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Found 7 results

  1. Hello folks, I have been instructed to share with you some updates from here in Iringa and Ruaha national park. We have just hooked up with Pack For A Purpose so that you can now find a list of things to bring with you on safari that will make a big difference to people who will really appreciate it. Paul Tickner Safaris supports the Mkuyu Guide School which provides training and opportunities for local young people in the safari industry. You can find out more about that here paultickner.com/mkuyu-guide-school and find the packing list here www.packforapurpose.org/destinations/africa/tanzania/paul-tickner-safaris/ Follow us on social media for regular updates from the school. Safari wise we have had some wonderful times in Ruaha with some great people recently. Here is a sequence from one particularly incredible sighting we had when 5 lions pulled down a young elephant right in front of us. Read the comments section for added enjoyment www.dailymail.co.uk/news/article-3259373/Heart-breaking-scenes-herd-elephants-try-fail-protect-calf-hungry-pride-lions.html We are just announcing a group safari in partnership with Reis Voyage for 2016. The safari will take in the Ngorogoro Crater, the Serengeti, Ruaha national park and Mafia Island and promises to be a very special safari indeed, guided all the way by myself. You can find out more with this PDF www.paultickner.com/-/galleries/2016-north-south-tanzania-group-safari/-/medias/cee07823-df3c-4250-9ddf-ddb0af49c09a-timeless-tanzania-july-2016-v4 Thanks everybody and I hope to see some of you in Ruaha, Mafia Island and southern Tanzania very soon!
  2. To secure the wildlife around camps in the greater Mara ecosystem, many lodge owners have over the last few years leased land for wildlife conservancies giving them the possibility to better control the wildlife experience for their guests while paying the Maasai landowners to keep the wildlife alive on their land and averting the 'de-wilding' process that normally happens as land is converted to food production...this conservancy movement has shown that leasing land to remain extensive and open, unfenced and inhabited by a wide variety of wild animal species has given the landowners very good alternative to farming and land fragmentation, and it has been good for the local Maasai people, their culture, the wildlife and the tourism industry. However, with the security issues the country has recently had to face and which undoubtedly has the potential to reduce tourism arrivals to the country, some conservancies may not be able to meet their payment commitments to their landowners....The consequences of not having these conservancy payments underwritten and guaranteed is clear; it can result in the loss of trust by landlords, reversal of all the good conservation work that has been achieved and may well prompt the removal of wildlife from these conservancies and conversion of this land to farming. Should wildlife in Kenya - or anywhere for that matter - be dependent only on the sensitive and fickle tourism industry ? What would give the wildlife conservancies more financial resilience?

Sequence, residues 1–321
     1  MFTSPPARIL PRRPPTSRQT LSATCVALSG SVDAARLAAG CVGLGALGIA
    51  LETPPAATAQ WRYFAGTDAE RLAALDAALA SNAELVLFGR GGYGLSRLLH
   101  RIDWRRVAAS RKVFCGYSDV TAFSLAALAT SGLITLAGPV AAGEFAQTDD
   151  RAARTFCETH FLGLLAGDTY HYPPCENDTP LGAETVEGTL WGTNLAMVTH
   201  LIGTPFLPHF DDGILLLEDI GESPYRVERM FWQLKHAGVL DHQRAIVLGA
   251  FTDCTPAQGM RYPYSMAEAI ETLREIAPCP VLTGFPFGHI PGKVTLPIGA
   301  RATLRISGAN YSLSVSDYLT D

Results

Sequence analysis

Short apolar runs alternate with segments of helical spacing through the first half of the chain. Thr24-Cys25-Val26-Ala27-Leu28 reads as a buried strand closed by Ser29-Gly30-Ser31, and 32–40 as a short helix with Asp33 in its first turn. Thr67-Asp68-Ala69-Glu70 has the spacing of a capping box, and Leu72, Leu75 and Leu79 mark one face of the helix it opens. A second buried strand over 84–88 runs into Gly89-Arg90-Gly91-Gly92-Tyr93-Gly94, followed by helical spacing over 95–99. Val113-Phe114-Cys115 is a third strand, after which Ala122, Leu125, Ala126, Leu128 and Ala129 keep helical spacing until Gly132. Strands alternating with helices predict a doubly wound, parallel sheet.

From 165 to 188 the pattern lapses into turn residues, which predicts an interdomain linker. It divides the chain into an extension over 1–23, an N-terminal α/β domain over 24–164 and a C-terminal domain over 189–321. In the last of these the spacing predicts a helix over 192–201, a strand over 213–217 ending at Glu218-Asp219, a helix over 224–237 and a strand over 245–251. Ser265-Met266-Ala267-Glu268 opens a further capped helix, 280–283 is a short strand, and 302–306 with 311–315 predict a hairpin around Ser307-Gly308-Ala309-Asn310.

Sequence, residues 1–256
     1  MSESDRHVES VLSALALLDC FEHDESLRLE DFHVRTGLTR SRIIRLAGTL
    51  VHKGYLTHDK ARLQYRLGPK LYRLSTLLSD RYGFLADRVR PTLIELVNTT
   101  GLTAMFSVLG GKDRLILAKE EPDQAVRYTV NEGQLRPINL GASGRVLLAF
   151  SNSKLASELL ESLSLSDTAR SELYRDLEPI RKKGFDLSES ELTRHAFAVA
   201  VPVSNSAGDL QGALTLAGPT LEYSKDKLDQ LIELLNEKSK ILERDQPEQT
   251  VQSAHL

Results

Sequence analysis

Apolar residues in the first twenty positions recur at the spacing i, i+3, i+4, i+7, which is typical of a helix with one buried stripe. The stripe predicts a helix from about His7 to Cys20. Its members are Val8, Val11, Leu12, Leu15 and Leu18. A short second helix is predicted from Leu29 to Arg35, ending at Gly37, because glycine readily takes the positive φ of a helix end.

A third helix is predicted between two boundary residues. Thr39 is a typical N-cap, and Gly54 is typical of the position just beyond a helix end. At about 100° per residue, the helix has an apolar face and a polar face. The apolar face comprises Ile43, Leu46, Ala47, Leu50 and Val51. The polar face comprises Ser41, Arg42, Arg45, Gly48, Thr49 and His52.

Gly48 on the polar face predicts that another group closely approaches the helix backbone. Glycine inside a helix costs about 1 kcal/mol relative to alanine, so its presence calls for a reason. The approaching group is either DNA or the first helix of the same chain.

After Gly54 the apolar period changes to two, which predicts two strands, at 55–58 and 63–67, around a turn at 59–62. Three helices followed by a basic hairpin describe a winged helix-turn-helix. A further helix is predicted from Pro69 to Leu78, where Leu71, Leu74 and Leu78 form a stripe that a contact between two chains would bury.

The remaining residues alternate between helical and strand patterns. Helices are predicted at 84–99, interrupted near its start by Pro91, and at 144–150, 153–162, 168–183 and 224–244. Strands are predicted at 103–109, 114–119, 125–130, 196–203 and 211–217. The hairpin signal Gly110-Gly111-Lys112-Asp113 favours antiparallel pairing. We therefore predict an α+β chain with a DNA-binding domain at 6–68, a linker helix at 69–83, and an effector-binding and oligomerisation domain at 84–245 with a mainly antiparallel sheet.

3. The Children in the Wilderness Botswana Camp took place at Banoka Camp during December 2013. Looks like we might have at least one future pilot for Wilderness Air... But seriously, the life skills these children acquire just a week or two of instruction, combined with educational activities, games and career guidance is impressive... and very rewarding!
  4. Children in the Wilderness (CITW) has partnered with professional soccer player, Gordon Gilbert to launch Soccer in the Wilderness – an inspirational programme combining the fun of sport with education to raise environmental awareness in local communities in Zimbabwe and Zambia. Gordon has played professionally for Kaizer Chiefs, Mpumalanga Black Aces and Moroka Swallows, to name a few, and is a wildlife enthusiast committed to making a difference. From 5 to 9 November 2013, the inaugural Soccer in the Wilderness clinics took place at Sinde Football Club, Twabuka Middle School and with Wilderness Safaris’ staff at Toka Leya Camp in Zambia and Jabulani Primary School in Zimbabwe.
  5. Not sure if this has been posted before. I couldn't find it on a quick search. Thought you might all find it interesting. I believe we all know what "Green-Washing" is, but for the sake of those who may not, it's basically talking big about your "green" credentials, while washing over your biggest environmental issues. It's a way to get conscious travellers to visit your establishment without really being eco or community friendly. There are MANY ways to improve your green credentials, from solar energy, to staff salaries, to sourcing locally produced food, etc. It seems one of the criteria Colin Bell uses in his book/article here is that camps SHOULD NOT be sending all their revenue to overseas bank accounts. I tend to agree. One of the biggest criteria for me for a lodge in a developing country is that it should be contributing to the local economy. So if all the money ends up somewhere else, and if all the materials, decor, and everything else is sourced from overseas, what good are you doing for the national and local economy? Pretty much none. Anyway, sorry to keep you reading my useless ramblings: here's the article http://www.tourismupdate.co.za/Contents/Editions/August13/website/Africas_Finest.html